Firefighters To Lose Jobs In Cutbacks

Plans by West Sussex Fire & Rescue Service to save £2.5m have been backed by Christine Field, the West Sussex County Council Cabinet Member for Public Protection, following a 10-week public consultation.

No fire stations will be closed under the plans.

Crucially, all 40 of the Service's frontline fire engines will also remain and there will be no increase in agreed attendance times. Community safety work including free home fire safety checks will continue, as will the wider role the fire service has with young people to educate about fire safety and reduce anti-social behaviour.

The Fire & Rescue Service has to save £2.5m in 2013 as part of the wider £79m that has to be saved by the County Council. The proposals, many of which came from staff suggestions, include changes to crewing for specialist vehicles and reductions in middle managers.

The Service currently has 379 wholetime and 285 retained firefighters that respond to emergencies from its 25 fire stations. A restructure would see the wholetime number reduced to 348 and 12 fewer non-operational support roles. There would be no reduction in the number of retained firefighters.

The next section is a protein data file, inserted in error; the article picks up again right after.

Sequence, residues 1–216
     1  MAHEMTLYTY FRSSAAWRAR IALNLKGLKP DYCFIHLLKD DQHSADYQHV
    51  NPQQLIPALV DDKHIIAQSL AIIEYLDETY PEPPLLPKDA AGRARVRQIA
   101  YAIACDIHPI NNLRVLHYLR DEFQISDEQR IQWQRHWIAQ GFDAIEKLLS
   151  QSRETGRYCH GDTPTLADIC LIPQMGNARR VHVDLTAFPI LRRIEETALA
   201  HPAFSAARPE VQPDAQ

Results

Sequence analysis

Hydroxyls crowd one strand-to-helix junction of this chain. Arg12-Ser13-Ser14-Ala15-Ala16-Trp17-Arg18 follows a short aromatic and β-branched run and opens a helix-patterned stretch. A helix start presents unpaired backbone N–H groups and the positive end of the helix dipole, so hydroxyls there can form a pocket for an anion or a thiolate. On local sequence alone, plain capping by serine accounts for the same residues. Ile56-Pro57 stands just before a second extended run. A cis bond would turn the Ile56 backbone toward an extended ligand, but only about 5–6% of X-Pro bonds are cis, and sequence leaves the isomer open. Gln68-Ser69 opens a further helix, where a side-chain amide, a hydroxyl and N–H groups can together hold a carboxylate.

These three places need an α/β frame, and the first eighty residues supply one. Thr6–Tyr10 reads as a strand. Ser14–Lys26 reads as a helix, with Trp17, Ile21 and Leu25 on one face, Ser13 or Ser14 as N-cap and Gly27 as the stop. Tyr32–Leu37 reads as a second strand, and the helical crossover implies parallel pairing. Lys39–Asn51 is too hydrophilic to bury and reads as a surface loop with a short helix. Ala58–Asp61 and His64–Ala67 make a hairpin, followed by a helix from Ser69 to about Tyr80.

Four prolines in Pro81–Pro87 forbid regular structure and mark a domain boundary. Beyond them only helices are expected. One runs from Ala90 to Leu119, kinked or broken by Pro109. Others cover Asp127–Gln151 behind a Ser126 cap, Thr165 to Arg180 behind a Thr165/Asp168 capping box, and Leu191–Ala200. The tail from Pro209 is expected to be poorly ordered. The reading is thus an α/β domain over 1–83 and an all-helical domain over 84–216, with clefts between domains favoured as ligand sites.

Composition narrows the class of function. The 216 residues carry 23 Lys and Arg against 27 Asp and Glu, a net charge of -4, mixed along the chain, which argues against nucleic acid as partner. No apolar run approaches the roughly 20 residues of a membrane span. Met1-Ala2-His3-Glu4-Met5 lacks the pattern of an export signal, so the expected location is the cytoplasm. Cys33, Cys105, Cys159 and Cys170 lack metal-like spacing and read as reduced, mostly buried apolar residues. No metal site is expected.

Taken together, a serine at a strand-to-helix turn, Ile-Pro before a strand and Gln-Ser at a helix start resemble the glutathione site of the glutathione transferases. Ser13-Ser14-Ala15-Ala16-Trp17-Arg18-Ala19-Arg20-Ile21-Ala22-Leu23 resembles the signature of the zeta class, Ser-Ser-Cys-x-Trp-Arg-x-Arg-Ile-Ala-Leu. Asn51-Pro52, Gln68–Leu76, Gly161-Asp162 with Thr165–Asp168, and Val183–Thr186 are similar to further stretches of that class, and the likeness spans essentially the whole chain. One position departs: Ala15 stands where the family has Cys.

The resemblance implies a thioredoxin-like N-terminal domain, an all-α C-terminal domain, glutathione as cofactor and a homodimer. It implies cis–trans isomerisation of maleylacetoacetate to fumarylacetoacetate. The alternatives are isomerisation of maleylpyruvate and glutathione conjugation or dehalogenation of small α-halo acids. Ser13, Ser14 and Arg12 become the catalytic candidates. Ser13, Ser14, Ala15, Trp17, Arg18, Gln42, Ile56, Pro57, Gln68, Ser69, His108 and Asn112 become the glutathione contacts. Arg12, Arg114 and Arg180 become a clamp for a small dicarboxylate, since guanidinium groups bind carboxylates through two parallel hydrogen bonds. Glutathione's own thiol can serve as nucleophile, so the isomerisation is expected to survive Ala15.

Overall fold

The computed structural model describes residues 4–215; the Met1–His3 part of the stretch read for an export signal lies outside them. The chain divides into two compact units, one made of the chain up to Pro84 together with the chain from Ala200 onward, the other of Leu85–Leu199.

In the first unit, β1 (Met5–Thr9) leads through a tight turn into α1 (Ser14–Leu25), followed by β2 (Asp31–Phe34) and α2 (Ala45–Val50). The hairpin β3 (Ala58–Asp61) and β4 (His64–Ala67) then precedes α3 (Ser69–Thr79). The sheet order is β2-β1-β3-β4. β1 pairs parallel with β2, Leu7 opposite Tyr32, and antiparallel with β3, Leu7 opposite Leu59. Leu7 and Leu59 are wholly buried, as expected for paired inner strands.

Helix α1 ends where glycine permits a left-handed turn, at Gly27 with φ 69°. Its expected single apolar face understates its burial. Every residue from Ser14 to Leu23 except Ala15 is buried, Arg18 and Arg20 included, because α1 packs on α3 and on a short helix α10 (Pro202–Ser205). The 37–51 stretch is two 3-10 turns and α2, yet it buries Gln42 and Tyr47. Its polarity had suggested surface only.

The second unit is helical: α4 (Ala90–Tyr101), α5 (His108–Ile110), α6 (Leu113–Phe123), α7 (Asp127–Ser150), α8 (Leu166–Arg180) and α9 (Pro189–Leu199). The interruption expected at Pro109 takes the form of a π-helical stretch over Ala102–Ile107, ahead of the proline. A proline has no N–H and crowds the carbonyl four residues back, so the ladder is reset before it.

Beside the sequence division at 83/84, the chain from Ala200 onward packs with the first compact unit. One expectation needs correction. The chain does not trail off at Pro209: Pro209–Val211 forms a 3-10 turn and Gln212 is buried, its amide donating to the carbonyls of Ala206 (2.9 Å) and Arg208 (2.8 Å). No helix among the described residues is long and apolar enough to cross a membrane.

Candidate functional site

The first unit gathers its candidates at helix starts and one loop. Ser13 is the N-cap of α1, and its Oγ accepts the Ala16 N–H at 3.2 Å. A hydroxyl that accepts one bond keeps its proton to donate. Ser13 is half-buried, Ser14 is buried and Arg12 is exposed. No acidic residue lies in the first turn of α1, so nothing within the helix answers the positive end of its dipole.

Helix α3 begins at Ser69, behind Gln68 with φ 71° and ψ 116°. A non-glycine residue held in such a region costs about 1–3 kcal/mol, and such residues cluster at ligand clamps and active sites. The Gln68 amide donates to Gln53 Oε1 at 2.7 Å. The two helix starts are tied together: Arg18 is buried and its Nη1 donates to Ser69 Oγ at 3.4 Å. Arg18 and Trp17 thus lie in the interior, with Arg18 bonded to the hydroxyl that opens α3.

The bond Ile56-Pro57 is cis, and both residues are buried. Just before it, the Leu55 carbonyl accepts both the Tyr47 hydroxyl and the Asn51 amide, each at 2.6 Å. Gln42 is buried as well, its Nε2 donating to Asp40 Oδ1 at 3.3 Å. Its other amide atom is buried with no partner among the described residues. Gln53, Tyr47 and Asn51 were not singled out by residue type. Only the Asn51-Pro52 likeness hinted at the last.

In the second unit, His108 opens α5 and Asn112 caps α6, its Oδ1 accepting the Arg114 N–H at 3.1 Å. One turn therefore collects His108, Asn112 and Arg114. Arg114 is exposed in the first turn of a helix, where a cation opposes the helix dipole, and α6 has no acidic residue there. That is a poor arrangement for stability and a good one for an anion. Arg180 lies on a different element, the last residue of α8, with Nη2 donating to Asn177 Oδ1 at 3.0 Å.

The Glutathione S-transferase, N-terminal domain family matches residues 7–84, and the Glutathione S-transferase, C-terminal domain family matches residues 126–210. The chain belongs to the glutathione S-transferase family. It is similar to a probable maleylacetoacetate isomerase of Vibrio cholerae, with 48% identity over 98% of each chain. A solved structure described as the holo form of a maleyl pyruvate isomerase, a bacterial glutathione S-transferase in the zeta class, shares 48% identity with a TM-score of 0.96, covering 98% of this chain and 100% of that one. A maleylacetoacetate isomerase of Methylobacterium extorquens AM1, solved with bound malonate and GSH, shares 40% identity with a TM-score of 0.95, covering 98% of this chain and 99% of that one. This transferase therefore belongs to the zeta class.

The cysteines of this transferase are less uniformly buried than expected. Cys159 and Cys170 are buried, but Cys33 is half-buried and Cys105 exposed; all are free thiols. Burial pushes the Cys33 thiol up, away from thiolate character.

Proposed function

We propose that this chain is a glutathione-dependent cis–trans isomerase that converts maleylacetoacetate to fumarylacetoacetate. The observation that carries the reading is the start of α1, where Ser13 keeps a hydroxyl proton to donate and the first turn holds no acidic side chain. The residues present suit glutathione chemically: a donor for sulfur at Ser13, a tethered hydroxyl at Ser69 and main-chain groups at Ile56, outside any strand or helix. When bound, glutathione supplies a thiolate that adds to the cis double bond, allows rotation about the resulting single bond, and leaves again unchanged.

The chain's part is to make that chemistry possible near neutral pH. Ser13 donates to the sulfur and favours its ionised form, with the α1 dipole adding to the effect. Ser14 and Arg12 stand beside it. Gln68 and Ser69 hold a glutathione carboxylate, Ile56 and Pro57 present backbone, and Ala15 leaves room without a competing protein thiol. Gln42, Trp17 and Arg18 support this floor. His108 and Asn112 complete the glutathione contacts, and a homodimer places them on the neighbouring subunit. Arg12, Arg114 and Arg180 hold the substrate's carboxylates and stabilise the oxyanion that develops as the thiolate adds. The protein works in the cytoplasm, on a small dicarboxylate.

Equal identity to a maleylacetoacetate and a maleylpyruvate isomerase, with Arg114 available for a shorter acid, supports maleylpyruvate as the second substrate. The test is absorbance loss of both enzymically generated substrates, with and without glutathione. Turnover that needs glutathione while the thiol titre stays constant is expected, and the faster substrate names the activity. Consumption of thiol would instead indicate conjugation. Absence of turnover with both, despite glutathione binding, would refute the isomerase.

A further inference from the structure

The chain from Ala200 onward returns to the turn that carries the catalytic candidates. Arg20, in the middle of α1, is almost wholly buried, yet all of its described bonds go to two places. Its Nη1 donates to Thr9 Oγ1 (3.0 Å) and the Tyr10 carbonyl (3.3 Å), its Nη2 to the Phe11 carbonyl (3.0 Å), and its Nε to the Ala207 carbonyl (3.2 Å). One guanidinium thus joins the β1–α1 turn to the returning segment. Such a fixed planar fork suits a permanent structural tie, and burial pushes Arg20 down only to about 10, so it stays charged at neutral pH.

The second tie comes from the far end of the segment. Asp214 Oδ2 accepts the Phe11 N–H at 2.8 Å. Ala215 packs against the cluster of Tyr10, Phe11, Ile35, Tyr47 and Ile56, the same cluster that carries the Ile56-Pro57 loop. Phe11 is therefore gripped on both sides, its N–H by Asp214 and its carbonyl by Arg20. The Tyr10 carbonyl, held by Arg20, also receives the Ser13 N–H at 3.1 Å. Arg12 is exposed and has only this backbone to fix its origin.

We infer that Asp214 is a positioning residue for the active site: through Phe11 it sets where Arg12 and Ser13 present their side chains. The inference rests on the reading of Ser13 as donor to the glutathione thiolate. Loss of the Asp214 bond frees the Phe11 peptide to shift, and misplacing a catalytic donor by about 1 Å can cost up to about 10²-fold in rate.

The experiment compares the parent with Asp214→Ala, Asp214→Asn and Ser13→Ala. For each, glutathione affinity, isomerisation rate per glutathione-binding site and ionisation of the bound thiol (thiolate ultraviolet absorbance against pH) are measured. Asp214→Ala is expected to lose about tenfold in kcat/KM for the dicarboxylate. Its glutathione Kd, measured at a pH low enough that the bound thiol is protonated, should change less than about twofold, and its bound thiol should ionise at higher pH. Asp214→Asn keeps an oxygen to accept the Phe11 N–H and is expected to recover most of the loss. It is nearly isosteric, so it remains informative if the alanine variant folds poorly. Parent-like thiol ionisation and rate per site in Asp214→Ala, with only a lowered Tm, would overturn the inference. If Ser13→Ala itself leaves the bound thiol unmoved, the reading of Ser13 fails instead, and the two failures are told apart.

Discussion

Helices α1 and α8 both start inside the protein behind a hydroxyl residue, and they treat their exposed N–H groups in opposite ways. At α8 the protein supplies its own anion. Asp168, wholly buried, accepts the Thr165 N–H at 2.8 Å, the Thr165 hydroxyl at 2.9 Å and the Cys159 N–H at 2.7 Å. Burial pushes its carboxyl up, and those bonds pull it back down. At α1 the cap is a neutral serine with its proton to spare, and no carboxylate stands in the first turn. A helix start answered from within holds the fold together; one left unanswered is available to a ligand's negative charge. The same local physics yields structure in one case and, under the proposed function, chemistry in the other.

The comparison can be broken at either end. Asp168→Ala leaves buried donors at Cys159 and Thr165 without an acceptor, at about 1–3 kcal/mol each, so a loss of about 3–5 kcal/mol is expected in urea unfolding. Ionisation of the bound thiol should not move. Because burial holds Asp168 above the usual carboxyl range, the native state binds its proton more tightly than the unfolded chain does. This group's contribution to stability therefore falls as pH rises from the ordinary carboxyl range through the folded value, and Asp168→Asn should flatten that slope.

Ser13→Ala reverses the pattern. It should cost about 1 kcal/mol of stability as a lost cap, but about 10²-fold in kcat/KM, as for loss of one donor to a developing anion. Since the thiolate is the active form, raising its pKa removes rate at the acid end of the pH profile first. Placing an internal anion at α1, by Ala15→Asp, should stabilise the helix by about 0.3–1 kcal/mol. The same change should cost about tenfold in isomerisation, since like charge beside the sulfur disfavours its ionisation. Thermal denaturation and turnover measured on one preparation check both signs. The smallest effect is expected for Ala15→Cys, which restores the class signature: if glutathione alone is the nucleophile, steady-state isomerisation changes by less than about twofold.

Most of the wholetime roles will be saved by reverting to the alternate crewing system for an Aerial Ladder Platform at Worthing and a Heavy Rescue Tender at Crawley, and by moving crews from Horley to merge with colleagues at Horsham Fire Station.

Consultation with staff and unions is ongoing but the Service believes the savings can be found without the need for compulsory redundancies.

Christine said the majority of people responding in the consultation had supported the proposals and that she was satisfied essential services would be maintained.

"I think people understood these were sensible proposals given the tough economic pressures on public services. The reductions in grant funding means budget cuts are inevitable, and whilst it's never easy to reduce staff, the evidence put forward by the Fire & Rescue Service has demonstrated quite clearly that essential services would continue and that risks to firefighters and the public would not increase.

"The Service's annual report published last month showed a decline in the number of injuries from accidental dwelling fires and it’s important that this downward trend continues.

"With these proposals I think the public can be reassured that despite the pressure on budgets, our firefighters can still deliver an excellent service carrying out their community safety role and responding to emergencies when they are really needed."

The decision will come into effect from October 19 at the end of the County Council's call-in period.